Thursday 5 December 2013

What Is Your Greatest Story?

What is your favourite story to tell?

Out of everything you have done and experienced in your life, what would you say is your greatest story that you love to share with people?

This may not perhaps be my greatest, but it is certainly one I am very fond of.

This is what happened when me and a complete stranger on the London Underground decided to take fate into our own hands for just one evening.

I jumped on the tube at Victoria, excitement bubbling in my stomach. I was off to the theatre to see the first ever performance of my playwright best friend’s first ever show.
The rickety train rattled on through a few stops, with the carriage getting increasingly busier. Then, a boy in a burgundy beanie, and a pale blue anorak jumped on, and was forced to stand in the only cubic centimetre of standing space left on the train - directly in front of me.

Within less than a second it was awkward as hell. We were facing one another and so cramped together, both standing in the fearful knowledge that one unexpected jolt of the train would have sent us tumbling into one another.
Then without being able to stop myself, I just began to giggle.
I tried looking at the floor, biting my lip and even squeezing my fists together, but I just could not stop snickering.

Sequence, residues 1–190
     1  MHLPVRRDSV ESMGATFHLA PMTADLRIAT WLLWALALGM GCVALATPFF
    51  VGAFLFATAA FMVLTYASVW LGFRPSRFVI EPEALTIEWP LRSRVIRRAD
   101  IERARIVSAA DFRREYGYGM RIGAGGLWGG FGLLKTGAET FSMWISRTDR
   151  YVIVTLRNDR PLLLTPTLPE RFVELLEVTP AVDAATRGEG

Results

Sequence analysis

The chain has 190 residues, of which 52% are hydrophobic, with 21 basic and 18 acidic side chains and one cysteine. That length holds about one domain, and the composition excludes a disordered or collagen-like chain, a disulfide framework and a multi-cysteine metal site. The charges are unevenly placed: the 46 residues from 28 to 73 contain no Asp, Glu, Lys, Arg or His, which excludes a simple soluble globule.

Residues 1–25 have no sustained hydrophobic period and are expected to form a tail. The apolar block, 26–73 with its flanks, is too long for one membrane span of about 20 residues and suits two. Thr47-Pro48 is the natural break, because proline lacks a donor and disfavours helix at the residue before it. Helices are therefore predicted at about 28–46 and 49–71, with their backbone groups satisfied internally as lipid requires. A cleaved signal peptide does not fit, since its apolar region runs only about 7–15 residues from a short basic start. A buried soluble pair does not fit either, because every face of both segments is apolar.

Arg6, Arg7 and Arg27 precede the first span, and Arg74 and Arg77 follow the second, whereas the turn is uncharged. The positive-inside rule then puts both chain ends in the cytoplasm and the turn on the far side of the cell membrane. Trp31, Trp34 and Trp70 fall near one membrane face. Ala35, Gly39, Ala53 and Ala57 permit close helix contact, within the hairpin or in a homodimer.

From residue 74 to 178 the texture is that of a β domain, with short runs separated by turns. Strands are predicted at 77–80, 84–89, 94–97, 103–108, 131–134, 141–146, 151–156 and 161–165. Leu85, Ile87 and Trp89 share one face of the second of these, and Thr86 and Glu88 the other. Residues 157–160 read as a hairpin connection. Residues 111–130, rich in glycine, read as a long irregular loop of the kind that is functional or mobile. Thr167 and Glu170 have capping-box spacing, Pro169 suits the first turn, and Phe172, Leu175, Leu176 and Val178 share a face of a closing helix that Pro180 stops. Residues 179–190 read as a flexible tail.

Because it's just funny, isn't it.
We were two strangers, thrust right up in each other's personal space, desperately trying to look anywhere to try avoid acknowledging each other, whilst both clearly and painfully aware of the others' existence.
Perhaps we were both trying to pretend that if we didn't acknowledge the other, then we didn't have to acknowledge the awkwardness of it either. Our bodies could not have genuinely been closer without touching, and we were still acting as if we were not even aware that the other was stood there.
Maybe it's just what we British people are like, or maybe it's just a human trait, like when you go into a public toilet, and you see someone in there, perhaps by the sink or looking in the mirror. You might give them a polite smile or mutter a little greeting, but soon as you step into the cubicle and shut that door, you're on your own, buddy. You can hear people on either side of you, but you daren't acknowledge their existence for breaking these unspoken social boundaries. Can you just imagine being in the middle cubicle with strangers on either side of you, and amid the painfully awkward trying-to-pee-as-quietly-as-possible silence, just piping up "So...anyone done anything interesting today?"
Social etiquette is such a funny thing.
So, in my peripheral vision I could see this boy looking at me, but I upheld my part of the unspoken bargain and refused to look back. Then, in a veritable dance of dares, I slowly went to look up at him, only to just catch his eyes quickly flicking away from looking at me.
So, apparently the rules were now that we were allowed to acknowledge one another, but we weren't allowed to be caught acknowledging the other. It just made me laugh more.
Finally, as the train pulled up to my stop, I finally broke the rules, looked him right in the eye and grinned as I stepped off the train. He smiled at me sheepishly.

I strutted off through the Underground with a happy little face; boy oh boy, I do love strangers.